Previously, John was “carried away” to the “wilderness” to see “Babylon.” Here, he is carried to a “mountain great and high,” and there he saw the “Bride of the Lamb,” which is identified as the “holy city, New Jerusalem.” The image echoes Ezekiel’s lengthy description of an idealized city and Temple.
- (Ezekiel 40:1-4) – “…In the visions, God brought he me into the land of Israel, and set me down upon a very high mountain, whereon was as it were the frame of a city on the south…”
The “wilderness” echoes the story of Israel’s sojourn in the wilderness, and in Revelation, it corresponds to the “earth” in its fallen state. The church is the pilgrim people protected by God but harassed by malevolent forces. Thus, John saw the persecuting power of end-time “Babylon” pursing the saints in the “wilderness” – (Revelation 12:6, 12:14).
Likewise, the “great and high mountain” corresponds to “Mount Zion,” where previously the “Lamb stood” with the 144,000 saints who were “redeemed from the earth.” In contrast, when the “Lamb” appears on the “day of their wrath,” all other “mountains” will “flee” from his presence – (Revelation 6:12-17, 14:1, 16:20).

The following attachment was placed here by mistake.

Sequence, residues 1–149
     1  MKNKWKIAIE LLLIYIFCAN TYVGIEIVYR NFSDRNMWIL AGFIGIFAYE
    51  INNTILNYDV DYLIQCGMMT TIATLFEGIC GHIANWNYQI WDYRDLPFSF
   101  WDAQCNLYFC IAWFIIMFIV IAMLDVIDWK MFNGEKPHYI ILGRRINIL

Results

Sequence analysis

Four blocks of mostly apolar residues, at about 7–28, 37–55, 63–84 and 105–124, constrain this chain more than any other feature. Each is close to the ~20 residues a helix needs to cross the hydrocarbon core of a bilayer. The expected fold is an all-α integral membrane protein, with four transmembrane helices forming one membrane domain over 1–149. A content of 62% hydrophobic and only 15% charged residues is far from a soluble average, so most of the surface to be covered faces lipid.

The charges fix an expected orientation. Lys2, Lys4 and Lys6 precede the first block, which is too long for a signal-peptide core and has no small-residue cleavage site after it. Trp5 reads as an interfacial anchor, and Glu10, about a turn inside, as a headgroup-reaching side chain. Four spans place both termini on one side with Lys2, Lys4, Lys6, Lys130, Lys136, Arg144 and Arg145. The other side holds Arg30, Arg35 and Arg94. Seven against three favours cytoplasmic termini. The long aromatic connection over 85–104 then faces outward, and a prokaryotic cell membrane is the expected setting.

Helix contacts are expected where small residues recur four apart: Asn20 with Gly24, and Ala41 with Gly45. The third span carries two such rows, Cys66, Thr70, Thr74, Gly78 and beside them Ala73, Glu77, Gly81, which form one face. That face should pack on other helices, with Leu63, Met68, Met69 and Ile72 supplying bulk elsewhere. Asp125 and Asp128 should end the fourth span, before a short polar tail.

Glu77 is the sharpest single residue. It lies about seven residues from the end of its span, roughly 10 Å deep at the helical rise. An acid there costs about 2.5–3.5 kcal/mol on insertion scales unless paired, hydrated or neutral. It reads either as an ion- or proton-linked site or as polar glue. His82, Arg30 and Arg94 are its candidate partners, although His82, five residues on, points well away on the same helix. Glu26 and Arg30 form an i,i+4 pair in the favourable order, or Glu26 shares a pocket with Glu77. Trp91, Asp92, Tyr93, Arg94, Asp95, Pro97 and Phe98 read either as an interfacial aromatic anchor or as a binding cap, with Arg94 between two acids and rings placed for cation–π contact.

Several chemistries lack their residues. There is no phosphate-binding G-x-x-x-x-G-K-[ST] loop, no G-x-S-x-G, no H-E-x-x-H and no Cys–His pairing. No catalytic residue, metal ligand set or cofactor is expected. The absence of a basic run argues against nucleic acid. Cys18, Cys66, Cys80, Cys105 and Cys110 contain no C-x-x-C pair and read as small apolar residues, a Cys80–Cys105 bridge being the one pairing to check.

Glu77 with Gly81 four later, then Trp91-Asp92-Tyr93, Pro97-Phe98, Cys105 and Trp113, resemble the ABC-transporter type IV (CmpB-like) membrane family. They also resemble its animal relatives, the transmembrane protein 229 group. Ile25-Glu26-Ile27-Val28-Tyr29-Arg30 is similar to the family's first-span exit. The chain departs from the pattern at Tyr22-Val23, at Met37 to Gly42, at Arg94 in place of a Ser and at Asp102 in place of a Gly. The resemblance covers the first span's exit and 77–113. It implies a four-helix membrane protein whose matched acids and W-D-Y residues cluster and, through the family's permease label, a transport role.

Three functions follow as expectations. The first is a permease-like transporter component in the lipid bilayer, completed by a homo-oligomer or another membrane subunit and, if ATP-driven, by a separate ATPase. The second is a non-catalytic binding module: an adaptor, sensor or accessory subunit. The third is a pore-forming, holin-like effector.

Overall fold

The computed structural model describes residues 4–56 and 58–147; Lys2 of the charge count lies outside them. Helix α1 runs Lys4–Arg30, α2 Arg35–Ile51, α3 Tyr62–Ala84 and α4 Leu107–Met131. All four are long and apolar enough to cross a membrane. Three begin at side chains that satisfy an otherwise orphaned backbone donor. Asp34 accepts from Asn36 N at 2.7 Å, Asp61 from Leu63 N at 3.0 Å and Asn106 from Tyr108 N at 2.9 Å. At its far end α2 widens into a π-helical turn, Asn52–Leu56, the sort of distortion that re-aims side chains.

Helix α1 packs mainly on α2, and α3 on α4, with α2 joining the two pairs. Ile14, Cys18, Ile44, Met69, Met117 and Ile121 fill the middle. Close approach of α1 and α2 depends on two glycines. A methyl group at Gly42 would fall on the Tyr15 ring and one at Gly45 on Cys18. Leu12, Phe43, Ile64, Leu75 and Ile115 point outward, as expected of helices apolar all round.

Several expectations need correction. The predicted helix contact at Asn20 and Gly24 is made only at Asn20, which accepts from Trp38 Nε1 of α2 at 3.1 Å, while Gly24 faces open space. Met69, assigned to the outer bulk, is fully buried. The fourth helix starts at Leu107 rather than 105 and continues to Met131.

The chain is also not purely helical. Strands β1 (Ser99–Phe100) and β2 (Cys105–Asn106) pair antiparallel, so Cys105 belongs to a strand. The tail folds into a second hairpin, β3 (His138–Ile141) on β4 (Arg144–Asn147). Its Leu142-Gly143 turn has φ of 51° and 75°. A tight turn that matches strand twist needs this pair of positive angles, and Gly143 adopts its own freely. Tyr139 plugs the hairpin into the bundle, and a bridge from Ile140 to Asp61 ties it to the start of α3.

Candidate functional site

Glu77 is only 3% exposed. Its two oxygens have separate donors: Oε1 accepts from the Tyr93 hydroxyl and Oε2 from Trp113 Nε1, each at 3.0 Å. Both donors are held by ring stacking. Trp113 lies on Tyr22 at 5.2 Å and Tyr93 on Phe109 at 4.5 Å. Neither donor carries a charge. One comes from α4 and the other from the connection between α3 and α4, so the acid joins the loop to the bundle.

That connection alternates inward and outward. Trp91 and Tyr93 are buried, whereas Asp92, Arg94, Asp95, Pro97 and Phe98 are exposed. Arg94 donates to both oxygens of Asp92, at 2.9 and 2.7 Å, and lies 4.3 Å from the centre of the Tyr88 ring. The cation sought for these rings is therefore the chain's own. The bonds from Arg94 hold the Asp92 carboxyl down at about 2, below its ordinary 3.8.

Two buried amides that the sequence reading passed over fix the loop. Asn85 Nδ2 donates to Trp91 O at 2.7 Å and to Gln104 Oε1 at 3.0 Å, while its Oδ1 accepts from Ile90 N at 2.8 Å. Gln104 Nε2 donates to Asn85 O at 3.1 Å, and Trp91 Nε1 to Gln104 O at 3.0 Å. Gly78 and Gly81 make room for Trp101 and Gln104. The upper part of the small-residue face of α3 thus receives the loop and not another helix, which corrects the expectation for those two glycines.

“Her light was like a precious stone, a jasper stone clear as crystal.” The description links the city and its “glory” to the “throne” from the vision when the “Lamb” received the “sealed scroll from the one who sits on” it – (“He that sat was to look upon like a jasper stone and a sardius”). The point is not the kind of materials or the color of the stones from which the “city” is constructed, but instead, that it reflects the glory of the one who sits on the “throne” – (Ezekiel 28:13, Revelation 4:2-3).
“The names of the twelve tribes of Israel,” another link to Ezekiel’s vision where the gates were named after the twelve tribes of Israel – (Ezekiel 48:31-34 – “The gates of the city shall be after the names of the tribes of Israel”).
“Twelve foundations and on them twelve names of the twelve apostles of the Lamb.” What is portrayed is NOT a reconstituted nation of Israel. The office of “apostle” was specific to the ministry of Jesus, hence, the “twelve apostles of the Lamb,” which can only refer to the twelve disciples who established the early church. The designation also indicates that true apostles follow the “Lamb wherever he goes” and emulate the “faithful witness” of Jesus.